What is the debt ceiling?
The US debt ceiling is a legislative tool designed to prevent the Treasury from issuing too much debt on behalf of US taxpayers.
What does it have to do with the budget?
In all reality? Not much. Government spending, via a budget, is legislatively passed by Congress and then signed off on by the President. However, the debt ceiling does not explicitly tell Congress how much it can spend.
So wait a minute…Congress decides how much the government will spend without considering the debt ceiling?
EXACTLY. All the debt ceiling really does is restrain the treasury from paying for things after the ceiling has been reached.
For example, imagine if your credit card provider told you that once you maxed it out, you had to pay them back first, rent second, cell phone bill third, etc…
But what if you have more bills than that? Plus basic living expenses that are unavoidable? What would you have to do?
Apply for a new credit card? Not an option for the Treasury.
Borrow money from friends and family? The Treasury’s friends and family are Congress, who at the moment are adhering to tough love.
So what can the Treasury do? Default, just like you would have to do if you were spending more than you made for an extended period of time. Essentials would get paid and certain bill collectors would have to get in line.
The difference is, if you can’t afford your bills for a year or so, it might kill your credit and force you to move back in with your parents, but if the Treasury stops paying its bills the rest of global economy goes into cardiac arrest.
We are the world’s reserve currency because the rest of the world trusts that our government won’t collapse and/or stop honoring its financial obligations.
Even when our credit rating was downgraded the financial markets didn’t blink an eye. The cost for our federal government to borrow money actually DROPPED. So great is global trust in the United States.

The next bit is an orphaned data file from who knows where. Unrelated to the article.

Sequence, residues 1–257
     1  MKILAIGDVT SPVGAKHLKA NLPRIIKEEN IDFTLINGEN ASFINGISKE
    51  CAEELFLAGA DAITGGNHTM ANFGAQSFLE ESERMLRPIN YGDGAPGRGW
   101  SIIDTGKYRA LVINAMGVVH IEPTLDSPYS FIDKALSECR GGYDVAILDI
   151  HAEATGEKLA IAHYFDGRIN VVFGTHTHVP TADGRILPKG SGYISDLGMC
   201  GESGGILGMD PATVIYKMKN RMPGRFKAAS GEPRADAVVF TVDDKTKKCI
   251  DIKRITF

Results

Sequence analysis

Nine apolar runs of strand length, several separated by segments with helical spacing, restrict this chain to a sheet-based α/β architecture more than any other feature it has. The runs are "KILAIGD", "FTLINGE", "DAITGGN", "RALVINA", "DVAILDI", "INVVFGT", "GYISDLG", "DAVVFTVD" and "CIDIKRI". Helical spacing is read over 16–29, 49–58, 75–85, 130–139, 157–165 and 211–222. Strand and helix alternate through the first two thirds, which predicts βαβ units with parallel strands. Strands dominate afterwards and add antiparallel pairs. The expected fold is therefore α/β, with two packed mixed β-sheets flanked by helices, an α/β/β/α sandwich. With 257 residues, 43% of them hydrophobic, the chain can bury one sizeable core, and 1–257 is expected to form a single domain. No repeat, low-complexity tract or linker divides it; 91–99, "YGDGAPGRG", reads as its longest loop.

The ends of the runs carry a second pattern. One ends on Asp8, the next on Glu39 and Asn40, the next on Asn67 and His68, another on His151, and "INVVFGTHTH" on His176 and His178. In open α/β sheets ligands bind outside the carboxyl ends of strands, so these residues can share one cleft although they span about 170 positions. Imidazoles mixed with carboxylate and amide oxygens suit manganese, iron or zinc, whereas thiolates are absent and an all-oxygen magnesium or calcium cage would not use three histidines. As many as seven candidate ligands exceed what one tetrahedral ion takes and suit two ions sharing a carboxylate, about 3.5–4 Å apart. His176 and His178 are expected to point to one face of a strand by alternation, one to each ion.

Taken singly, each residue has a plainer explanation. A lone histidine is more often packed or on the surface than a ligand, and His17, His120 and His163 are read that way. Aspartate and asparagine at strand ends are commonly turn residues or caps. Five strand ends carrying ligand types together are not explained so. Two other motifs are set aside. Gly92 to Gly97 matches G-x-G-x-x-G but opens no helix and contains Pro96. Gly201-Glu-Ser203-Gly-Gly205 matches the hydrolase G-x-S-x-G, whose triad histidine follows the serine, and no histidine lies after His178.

It seems like the debt ceiling has become much more prominent lately, why?
Prior to the Budget and Impoundment Control Act of 1974, the debt ceiling played an important role since Congress had few opportunities to hold hearings and debates on the budget. James Surowiecki argued that the debt ceiling lost its usefulness after these reforms to the budget process.
In 1979, noting the potential problems of hitting a default, Dick Gephardt imposed the “Gephardt Rule,” a parliamentary rule that deemed the debt ceiling raised when a budget was passed (remember Nancy Pelosi’s threa to DEEM Obamacare had Passed?) This resolved the contradiction in voting for appropriations but not voting to fund them. The rule stood until it was repealed by the Republican Congress in 1995.
What can Treasury Secretary Jack Lew do to buy time?
The Treasury Department is authorized to issue debt needed to fund government operations (as authorized by each federal budget) up to the debt ceiling, with some small exceptions. When the debt ceiling is reached, Treasury can declare a debt issuance suspension period and utilize “extraordinary measures” to acquire funds to meet federal obligations but which do not require the issue of new debt.
These measures may include suspending investments in the “G-fund” of the individual retirement funds of federal employees, the Thrift Savings Plan. In 2011 these measures were extended to suspending investments in the Civil Service Retirement and Disability Fund, the Postal Service Retiree Health Benefits Fund, and the Exchange Stabilization Fund.
What happens if we breach the debt ceiling?
Global panic. Financial markets will plummet. There will be runs on banks. The value of the dollar would be worthless. After all, our currency isn’t backed by anything other than hope. Basically, it would make the 2007-08 Mortgage Crisis look like a $34 overdraft fee.
The Treasury will immediately have to begin prioritizing payments just like you would. Certain bills would get paid while others would have to go on hold. Why is that a problem? They don’t have Congressional authority to do that. The House has passed a bill granting them that ability, but it has not been passed by the Senate or signed by the President.
China and a consortium of other countries would lose their mind and probably threaten military repercussions.
Social Security, Medicare, Medicaid, etc… All would face massive cuts. Huge huge huge cuts.
If we were able to get things under control we would be lucky to find another country willing to lend us many at anything less than 9% interest.
- The riots and eruptions of those harmed by the cuts would border on revolution. Martial law isn’t entirely unlikely if it were to carry on long enough and that is the real reason this whole crisis is pure theatrics.
Would the federal government really allow itself to fall?
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